A Popular History of The Great War/Volume 1/Page 42
As already stated, the archduke Francis Ferdinand and his morganatic wife, the duchess of Hohenberg, were murdered at Serajevo on June 28, but it was almost a month before the attention of Europe was turned to this crime. The crisis which it provoked really began on July 23 when the Austrian government, having learned that it could count upon support from Berlin, sent a peremptory note to Serbia. This lengthy document contained a number of requests intended partly as reparations for the crime at Serajevo and partly as safeguards against further outrages. The 23rd was a Thursday, and a reply was requested within 48 hours, i.e. before Saturday, the 25th, was out.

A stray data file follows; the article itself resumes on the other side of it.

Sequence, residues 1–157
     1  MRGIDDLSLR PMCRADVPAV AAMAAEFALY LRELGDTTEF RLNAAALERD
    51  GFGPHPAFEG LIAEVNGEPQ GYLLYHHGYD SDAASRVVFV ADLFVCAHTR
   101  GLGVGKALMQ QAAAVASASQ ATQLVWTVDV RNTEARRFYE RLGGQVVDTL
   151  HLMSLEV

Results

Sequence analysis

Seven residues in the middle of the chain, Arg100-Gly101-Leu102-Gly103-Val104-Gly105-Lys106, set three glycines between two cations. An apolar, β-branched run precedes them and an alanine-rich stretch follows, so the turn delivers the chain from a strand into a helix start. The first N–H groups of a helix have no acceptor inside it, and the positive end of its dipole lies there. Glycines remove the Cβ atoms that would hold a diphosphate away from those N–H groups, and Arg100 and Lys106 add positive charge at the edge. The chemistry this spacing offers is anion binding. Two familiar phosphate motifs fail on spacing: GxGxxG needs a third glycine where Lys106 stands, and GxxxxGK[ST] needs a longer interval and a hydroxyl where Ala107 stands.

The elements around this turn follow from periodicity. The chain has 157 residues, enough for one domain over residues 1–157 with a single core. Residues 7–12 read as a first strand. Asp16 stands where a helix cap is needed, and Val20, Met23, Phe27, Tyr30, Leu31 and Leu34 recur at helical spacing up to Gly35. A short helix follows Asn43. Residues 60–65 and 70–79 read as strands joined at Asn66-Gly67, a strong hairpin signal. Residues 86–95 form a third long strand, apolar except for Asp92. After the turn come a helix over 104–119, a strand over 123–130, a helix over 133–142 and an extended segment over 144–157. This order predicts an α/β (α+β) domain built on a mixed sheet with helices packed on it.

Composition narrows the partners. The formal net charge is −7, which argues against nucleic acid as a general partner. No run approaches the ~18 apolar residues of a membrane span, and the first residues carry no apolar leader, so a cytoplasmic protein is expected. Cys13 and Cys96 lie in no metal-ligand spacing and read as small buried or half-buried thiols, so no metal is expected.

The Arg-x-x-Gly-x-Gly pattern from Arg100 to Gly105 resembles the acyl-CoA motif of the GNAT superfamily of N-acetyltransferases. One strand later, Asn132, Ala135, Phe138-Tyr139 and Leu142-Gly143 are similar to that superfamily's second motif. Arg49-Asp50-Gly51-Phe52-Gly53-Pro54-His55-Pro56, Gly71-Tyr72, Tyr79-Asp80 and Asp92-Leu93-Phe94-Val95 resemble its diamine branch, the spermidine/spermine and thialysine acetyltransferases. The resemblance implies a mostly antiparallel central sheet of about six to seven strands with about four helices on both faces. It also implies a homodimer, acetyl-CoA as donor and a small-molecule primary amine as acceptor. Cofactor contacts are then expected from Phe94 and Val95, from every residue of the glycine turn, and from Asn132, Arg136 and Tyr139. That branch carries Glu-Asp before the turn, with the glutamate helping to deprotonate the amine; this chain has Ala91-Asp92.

The Serbian ministers took counsel with Russia, and, having done so, returned their answer. It was thoroughly conciliatory. All the Austrian demands save two were conceded, and with sound reason the Serbian government asserted that to accept these two would be to infringe the sovereignty of the country and to violate its constitution. The two clauses to which exception was taken were the one in which Serbia was asked "to accept the collaboration in Serbia of representatives of the Austro-Hungarian government in the repression of the subversive movement directed against the territorial integrity of the monarchy," and the other in which Austria-Hungary demanded that delegates from that country should take part in the judicial proceedings against the accessories to the plot at Serajevo. On these two points Serbia suggested reference to the international court at The Hague. Short of abject submission, the Serbian government could hardly have gone further, but her enemies were in no mood for discussion or delay. At ten o'clock on the evening of Saturday, the 25th, the Austrian minister in Belgrade, having stated that the Serbian reply was unacceptable, asked for his passports and left the city. The formal declaration of war followed in three days.